What Do The Ingredients of Beer Have To Do With Sailing
Published on October 3rd, 2012
by Glenn McCarthy, Lake Michigan SuRF Newsletter
Put hops, malt, barley and water in four concrete steel reinforced silos and do not mix them, what do you get? Nothing good! Mix them together and you get beer, something real good.
We broke off Junior Sailing /Sailing Schools into their own silo. These programs are growing, everyone involved is enthusiastic. We broke off High School sailing into their own silo. It is one of the greatest success stories in sailing today, more and more High Schools are signing up and competing against one another. Collegiate Sailing is in its own silo. While more mature, it is also growing today. Adult sailing is in its own silo. Just like the Beer example, we leave these four ingredients in their own silos and do not mix them. And what do we have? Nothing good at the end of the day! Adult sailing is struggling at most levels.
There are 300,000 juniors between the ages of 5 and 21 in their three silos in this country. By age 22, 95% of them have quit sailing. Why? It is all about “peers.” They see their peers quit without ramification, and so they quit too – no loss (see the related story on growing your yacht club membership through your sailing school, there is a golden lining). We have been justifying that when sailors get out of college they are busy establishing themselves in the working world, changing jobs frequently, getting housing, moving regularly to get better deals, dating, going to weddings, getting married themselves, having children, etc. Wait a moment there, isn’t that the exact same stuff we did at that age and didn’t we keep sailing? Why is this now an excuse not to sail?
We (I’m a boomer) kept sailing because when we were juniors, we sailed with adults. They were part of our peer group. We saw sailors in their 20’s, 30’s, 40’s, 50’s, 60’s, 70’s, 80’s and a few hanger-ons in their 90’s who all sailed. We knew that they were part of our peers. We knew that we, too, would be sailing for a lifetime. This cycle has been broken.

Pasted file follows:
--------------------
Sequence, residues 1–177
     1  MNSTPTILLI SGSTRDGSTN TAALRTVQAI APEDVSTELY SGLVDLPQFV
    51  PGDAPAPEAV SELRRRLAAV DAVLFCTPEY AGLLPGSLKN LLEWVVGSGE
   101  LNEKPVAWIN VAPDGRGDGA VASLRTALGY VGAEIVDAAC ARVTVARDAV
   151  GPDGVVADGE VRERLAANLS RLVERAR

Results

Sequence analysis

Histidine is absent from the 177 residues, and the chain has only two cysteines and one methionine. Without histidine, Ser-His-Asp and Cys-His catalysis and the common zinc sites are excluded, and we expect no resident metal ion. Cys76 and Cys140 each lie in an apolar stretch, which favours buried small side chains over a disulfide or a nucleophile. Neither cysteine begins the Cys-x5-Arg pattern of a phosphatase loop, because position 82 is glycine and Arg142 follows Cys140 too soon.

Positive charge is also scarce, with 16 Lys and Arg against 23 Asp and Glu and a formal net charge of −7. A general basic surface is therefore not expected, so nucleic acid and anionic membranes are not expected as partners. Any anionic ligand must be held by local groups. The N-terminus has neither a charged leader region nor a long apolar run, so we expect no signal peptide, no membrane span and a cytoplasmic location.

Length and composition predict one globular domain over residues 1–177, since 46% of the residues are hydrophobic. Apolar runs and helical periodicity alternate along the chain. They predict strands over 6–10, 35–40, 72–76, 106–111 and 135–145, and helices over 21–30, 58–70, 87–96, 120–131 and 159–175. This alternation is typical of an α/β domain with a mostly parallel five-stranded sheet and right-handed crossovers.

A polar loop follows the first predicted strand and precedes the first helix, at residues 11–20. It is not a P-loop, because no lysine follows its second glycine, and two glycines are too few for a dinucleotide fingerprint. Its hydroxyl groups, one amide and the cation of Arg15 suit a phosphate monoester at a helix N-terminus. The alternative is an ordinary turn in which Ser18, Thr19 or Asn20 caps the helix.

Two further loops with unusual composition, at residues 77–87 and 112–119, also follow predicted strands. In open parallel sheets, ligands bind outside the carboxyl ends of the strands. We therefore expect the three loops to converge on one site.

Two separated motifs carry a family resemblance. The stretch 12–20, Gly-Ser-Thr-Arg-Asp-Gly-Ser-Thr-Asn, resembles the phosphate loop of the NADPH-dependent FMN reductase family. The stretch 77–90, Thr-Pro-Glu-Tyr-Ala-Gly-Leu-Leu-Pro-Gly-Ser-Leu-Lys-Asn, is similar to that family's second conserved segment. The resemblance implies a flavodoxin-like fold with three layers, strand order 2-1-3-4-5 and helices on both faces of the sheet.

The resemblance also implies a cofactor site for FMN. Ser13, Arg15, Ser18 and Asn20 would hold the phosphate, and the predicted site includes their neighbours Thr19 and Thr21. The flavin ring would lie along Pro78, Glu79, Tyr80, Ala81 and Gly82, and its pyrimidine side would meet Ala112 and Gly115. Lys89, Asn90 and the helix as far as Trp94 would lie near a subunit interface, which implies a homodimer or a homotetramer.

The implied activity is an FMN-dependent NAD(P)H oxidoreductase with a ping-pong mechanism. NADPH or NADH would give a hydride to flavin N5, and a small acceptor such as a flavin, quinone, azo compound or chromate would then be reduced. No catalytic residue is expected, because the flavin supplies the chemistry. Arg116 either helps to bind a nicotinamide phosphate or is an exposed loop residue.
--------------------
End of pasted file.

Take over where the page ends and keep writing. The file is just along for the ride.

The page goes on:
It was never an intention to segregate the age groups, we enjoyed racing with all ages on board. I remember sailing on Inferno in the early 1970’s, a red C&C 52 owned by Jim McHugh (McHugh Construction Company) when I was about 12. This was the days of RDF, before Loran or GPS. It was a long distance single-day course race in which we were the lead boat. The navigator hailed to the crew “I owe a beer to whoever can spot the mark.” I said, “It’s right up ahead, a little to the right of our course.”
All of the crew looked and looked and couldn’t see it and started to disbelieve me. I said, “It is white on top, orange in the middle and white on the bottom.” The navigator knew the colors of the mark and said there was no way I could have guessed that and I must be seeing it. We sailed to it and rounded it; it was our mark. The point being, I was helpful to the team at age 12, they understood I contributed to the team, and I became one of them right at that moment, having earned my spot. (To the Inferno navigator: I forgot your name, I’m old enough now and you still owe me that beer. Call me).
If the silo system for young sailors was in place back then, I would not have been on Inferno, I would have been at some Opti or 420 regatta somewhere, with helicopter parents shuttling me around. These helicopter parents are spending tons on boats, traveling, coaches, housing, etc., for what long term purpose? The end result is that their kids stop sailing when they are out of college? No life-long exercise, no life-long mentors (in sailing and in business), and no networking? A huge opportunity for young sailors is being missed.